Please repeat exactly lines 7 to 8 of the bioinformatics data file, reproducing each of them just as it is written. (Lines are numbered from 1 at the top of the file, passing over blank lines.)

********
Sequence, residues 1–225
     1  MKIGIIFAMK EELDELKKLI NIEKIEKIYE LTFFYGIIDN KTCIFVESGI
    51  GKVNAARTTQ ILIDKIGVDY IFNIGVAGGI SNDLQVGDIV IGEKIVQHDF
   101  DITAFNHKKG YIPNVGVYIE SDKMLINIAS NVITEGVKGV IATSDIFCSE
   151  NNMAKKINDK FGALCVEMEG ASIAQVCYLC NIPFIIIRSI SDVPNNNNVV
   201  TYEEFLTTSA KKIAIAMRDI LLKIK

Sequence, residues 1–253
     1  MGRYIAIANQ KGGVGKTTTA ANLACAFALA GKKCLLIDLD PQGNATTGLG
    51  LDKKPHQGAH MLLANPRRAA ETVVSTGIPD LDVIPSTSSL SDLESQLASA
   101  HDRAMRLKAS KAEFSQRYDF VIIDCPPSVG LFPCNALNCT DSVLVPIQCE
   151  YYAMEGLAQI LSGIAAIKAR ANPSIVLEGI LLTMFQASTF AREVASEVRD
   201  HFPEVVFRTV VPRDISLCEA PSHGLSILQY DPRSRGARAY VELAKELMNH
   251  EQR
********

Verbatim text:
Sequence, residues 1–253
     1  MGRYIAIANQ KGGVGKTTTA ANLACAFALA GKKCLLIDLD PQGNATTGLG